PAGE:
+Obfuscation has become an art form. When opposing arguments are too strong, they simply create confusion by finding someone outside the consensus who will support their position. The goal? To create the sense that "no one really knows," so bad decisions do not look quite so bad.
The general public has begun to catch on to this administration’s problems with truth telling–polls are showing a drop in the president’s perceived honesty. Yet, evangelicals tend to be the polling group that most supports this administration.
On Valerie Plame:
+Notwithstanding protestations to the contrary, it is now pretty clear that the Bush team (specifically, Karl Rove) outed Valerie Plame in attempt to discredit Joe Wilson.
+With no serious challenge to the substance of Wilson’s report, they have left no stone unturned in trying to further discredit Wilson himself.
+The president has been quite slippery in his attempts to avoid living up to his commitment to dismiss leakers.
On the environment:
+I mentioned the so-called “Clean Skies” and “Clean Water” acts above, but they have to be added here as yet another sacrifice of the environment to corporate interests.
+The debate on global warming–both as to its reality and the basic underlying causes–is over... Well, for everyone but this administration and some of its supporters.
+This administration has led push to open the Arctic reserve for oil drilling–often, with the most dishonest of arguments. For example, they claim to limit drilling to only a small percent of the refuge, but the limits only apply to the actual drilling rigs--not access roads, anciliary equipment, etc.
+The president instructed the withdrawal of American support for the Kyoto protocols aimed at improving green house gas emissions–unilaterally.
+Notwithstanding the biblical injunction to engage in acts of self-denial, no serious attempt to undertake conservation steps are even considered. Can we claim to live up to the biblical injunction to put the interest of others above ourselves if we continue to constitute less than 5 percent of the world's population, but use more than 40 percent of its resources?
In an article earlier this year, one prominent evangelical columnist argued that evangelicals ought not be distracted from saving souls by such matters as environmental concerns. However, Christians are called to be disciples of Christ, and it would be an odd read of the bible indeed that suggested that being a disciple has no implications for environmental concerns. As a colleague of mine points out, being a Christian impacts everything, even how we throw out our trash. There does seem to be indication of growing interest here among evangelicals, but not yet enough to broadly take on this administration's policies.
+This administration has continually underplayed the extent to which it has empowered torture and detainee abuse. For Christians to remain silent to the torture of guilty persons is unbelievable enough, but to tolerate it when guilt has not been determined is unfathomable. It is hard to see how this lives up to the command to love our enemies.
+This administration has unilaterally withdrawn from treaties aimed at curtailing nuclear proliferation and has put the use of nuclear weapons back on the table. They are unwilling even to commit to no first use, and they have re-opened the nuclear race by proposing a new generation of nuclear devices.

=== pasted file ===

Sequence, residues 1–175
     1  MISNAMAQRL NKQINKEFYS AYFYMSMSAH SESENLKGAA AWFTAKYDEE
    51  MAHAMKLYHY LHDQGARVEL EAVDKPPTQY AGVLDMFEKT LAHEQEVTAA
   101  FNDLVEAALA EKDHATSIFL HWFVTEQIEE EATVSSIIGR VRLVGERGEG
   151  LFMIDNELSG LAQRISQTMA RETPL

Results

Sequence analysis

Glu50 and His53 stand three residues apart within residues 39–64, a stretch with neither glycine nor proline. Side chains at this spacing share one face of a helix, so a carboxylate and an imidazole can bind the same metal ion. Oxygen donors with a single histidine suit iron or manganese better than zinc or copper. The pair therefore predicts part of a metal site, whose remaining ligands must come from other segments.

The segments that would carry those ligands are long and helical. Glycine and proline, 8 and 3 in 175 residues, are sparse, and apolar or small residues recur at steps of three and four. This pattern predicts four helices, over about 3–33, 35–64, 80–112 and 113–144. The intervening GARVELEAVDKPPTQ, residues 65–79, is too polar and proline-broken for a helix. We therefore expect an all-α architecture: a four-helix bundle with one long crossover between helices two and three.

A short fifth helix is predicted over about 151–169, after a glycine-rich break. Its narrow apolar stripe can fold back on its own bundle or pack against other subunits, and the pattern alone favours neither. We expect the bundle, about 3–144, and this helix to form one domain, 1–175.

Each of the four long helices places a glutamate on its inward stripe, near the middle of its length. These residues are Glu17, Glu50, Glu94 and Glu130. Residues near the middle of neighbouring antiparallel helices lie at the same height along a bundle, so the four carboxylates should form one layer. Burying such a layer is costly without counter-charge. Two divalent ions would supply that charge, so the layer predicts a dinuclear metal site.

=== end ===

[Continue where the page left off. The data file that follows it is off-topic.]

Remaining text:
+This president’s policy of “pre-emptive war,” surely unwise, simply does not meet the just war criteria (the basis Christians use to determine whether a given war is just). Hence, the war with Iraq cannot be judged to be a just war. I suppose one could argue that just war theory needs to be re-thought, but precious little dialogue within the evangelical community has occurred. Have we not abdicated our responsiblity to be a voice for morality to the culture at large?
+This administration has caused remarkable damage to international good will due to its unilateralist foreign policy. Again, as persons called to put the interest of others above our own, how can Christians tolerate this?
+Why has there been no outrage over the war profiteering by so many so close to this administration?
+The recently signed energy bill, as admitted by even its supporters, does nothing to provide solutions to our long term energy needs. Further, the bill was an example of this administration's policy of "leaving no giant corporation behind," in that it granted billions of dollars to oil companies already seeing profits at historic levels. Can you imagine an Amos quiet at this?
+At the core of all these concerns are fundamental issues of character. The president has exhibited nothing of that virtue we Christians claim to prize so highly–humility.
At any point in this sad story, we should have arrived at the point where all Christians would demand accountability. Yet, here we are facing all of these outrageous circumstances, and evangelicals remain the strongest supporters of this administration. What will it take? My guess is that the answer is just this: as long as this administration talks up its opposition to abortion and homosexuality, then they can do whatever else they please and too many will remain quiet. I can only give thanks that the One we claim to follow did not have such a stilted view of morality! An interesting passage in the letter to the church at Colossae indicates that the cross of Christ laid bare the powers that opposed him. How so? Well, the powers ordained by God (societal structures, for one) to order human life together were revealed for their perversity in that they killed the One who lived a life of perfect love. I wonder if our support of this administration has not shined a light deep into our souls and revealed our own bankruptcy. We have decided that we like political power too much, and the status of "resident aliens" too little. Do we even have the will to see and repent?